Iskandar acknowledges that the experiences of the past 16 years have given the group invaluable lessons where developing commercial property is concerned. “Give the market what it wants,” he says, adding that understanding market needs means having to continuously carry out feasibility studies, send out questionnaires and feelers to prospective buyers as well as communicate with real estate agents. These efforts have not been in vain, he says, pointing to the take-up for the group’s more recent commercial offerings.
For instance, the first phase of the freehold Glomac Damansara — fronting Jalan Damansara — comprising 12 blocks of 5 and 8-storey shopoffices has received encouraging sales response since its launch in April. Both the 8-storey blocks, with price tags in excess of RM7.5 million, and half of the 5-storey blocks pegged from RM4 million have been sold. The group’s commercial property offerings last year also received good response — the 22 units of 5-storey shopoffices at Glomac Galleria in Sri Hartamas received such overwhelming interest that the developer decided to sell the units via a tender process. According to Iskandar, almost 600 prospective buyers tendered for the units that were subsequently sold for almost 20% more than the reserve price. Similarly, the 70 units of 2 and 3-storey shopoffices at Seri Bangi, Selangor (pegged from RM600,000 to RM850,000 respectively), were snapped up within two weekends, says Iskandar.
While the encouraging sales are a boost — particularly given the dampened mood in the property market stemming from the overall local and global economic slowdown — the group is not about to rest on its laurels. “It’s important for us to keep on being innovative, to provide value-for-money properties and to give priority to property management and after-sales service,” says Iskandar.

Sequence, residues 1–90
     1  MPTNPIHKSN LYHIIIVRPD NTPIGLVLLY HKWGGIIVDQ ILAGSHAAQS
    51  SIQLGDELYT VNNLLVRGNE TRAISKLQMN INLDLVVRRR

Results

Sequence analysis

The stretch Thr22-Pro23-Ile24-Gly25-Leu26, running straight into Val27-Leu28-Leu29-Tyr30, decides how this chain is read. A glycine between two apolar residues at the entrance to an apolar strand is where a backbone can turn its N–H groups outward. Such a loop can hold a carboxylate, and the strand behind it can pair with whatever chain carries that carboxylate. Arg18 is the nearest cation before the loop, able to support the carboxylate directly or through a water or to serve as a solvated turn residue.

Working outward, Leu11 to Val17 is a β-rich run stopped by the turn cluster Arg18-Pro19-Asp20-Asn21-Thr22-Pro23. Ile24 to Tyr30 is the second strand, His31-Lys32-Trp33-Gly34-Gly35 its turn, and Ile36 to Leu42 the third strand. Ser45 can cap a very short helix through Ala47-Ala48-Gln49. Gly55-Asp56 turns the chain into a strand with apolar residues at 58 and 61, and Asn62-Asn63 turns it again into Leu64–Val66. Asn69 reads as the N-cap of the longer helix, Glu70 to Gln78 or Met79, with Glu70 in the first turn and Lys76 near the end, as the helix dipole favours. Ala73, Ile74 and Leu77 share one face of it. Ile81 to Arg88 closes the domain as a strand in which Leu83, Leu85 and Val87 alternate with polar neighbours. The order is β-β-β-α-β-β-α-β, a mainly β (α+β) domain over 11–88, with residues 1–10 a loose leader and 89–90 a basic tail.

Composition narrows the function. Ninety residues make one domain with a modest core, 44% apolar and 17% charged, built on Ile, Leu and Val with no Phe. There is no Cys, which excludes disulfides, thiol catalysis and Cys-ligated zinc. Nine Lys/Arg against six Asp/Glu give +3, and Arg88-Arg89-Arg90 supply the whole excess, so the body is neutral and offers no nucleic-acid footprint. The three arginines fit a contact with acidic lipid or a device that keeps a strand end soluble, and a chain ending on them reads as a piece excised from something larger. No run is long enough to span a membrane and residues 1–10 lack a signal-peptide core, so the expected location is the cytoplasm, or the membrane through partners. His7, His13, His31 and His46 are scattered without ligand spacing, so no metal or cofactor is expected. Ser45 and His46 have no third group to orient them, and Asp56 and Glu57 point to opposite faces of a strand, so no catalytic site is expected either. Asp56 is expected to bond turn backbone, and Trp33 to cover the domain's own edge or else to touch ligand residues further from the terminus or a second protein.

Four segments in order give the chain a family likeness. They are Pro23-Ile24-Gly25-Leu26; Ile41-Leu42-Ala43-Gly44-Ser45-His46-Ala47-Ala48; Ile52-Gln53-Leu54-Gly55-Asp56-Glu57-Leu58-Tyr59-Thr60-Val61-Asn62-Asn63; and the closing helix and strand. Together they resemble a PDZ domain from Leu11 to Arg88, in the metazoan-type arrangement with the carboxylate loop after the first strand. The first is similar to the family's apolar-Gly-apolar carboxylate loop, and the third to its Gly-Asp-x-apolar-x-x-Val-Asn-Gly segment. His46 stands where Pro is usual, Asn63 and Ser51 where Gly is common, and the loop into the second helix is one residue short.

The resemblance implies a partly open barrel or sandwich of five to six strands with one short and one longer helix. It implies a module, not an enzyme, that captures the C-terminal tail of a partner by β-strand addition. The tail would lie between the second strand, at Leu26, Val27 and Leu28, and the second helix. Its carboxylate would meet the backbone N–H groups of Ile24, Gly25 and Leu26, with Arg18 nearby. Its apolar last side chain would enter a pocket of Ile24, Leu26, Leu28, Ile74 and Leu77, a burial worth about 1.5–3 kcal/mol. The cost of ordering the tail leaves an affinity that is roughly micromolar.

The group, which celebrates its 21st anniversary this month, ventured into commercial property back in 1993 with the development of Glomac Business Centre in Kelana Jaya, Selangor. “The easiest development then would have been a 3 or 4-storey shopoffice but having seen examples of business parks overseas, we decided to offer something else. So, with some imagination and lots of gung ho, we decided on 5 and 6-storey shopoffices with a better façade, lifts, basement parking, security and property management services,” recalls Iskandar. Thanks to the concept, the units tagged from RM1.3 million to RM1.5 million were well received. From here, the group moved on to other commercial developments, namely Kelana Business Centre and Kelana Centre Point (both in Kelana Jaya) and Dataran Prima in Petaling Jaya.
Thanks to its successes and raised profile in developing commercial properties, the group was asked to undertake a few projects on a joint-venture basis with various landowners; leading to projects such as Worldwide Business Park in Shah Alam and Bandar Sri Permaisuri in PJ. “At that time, this [commercial property] was our niche…we were selling RM8 million to RM10 million of properties a month,” Iskandar adds.
But the scene changed at the onset of the Asian financial crisis in 1997 and marked the start of a few difficult years for the group. “In 1998, we were not selling any commercial properties at all,” says Iskandar. He points out that it wasn’t because of a lack of buyers but due to property being considered “unproductive” at the time. As a result, financial institutions were unwilling to give out loans; what’s more, interest rates at the time went up to a whopping 20%. “So we had people interested in the properties but they couldn’t get financing,” Iskandar adds.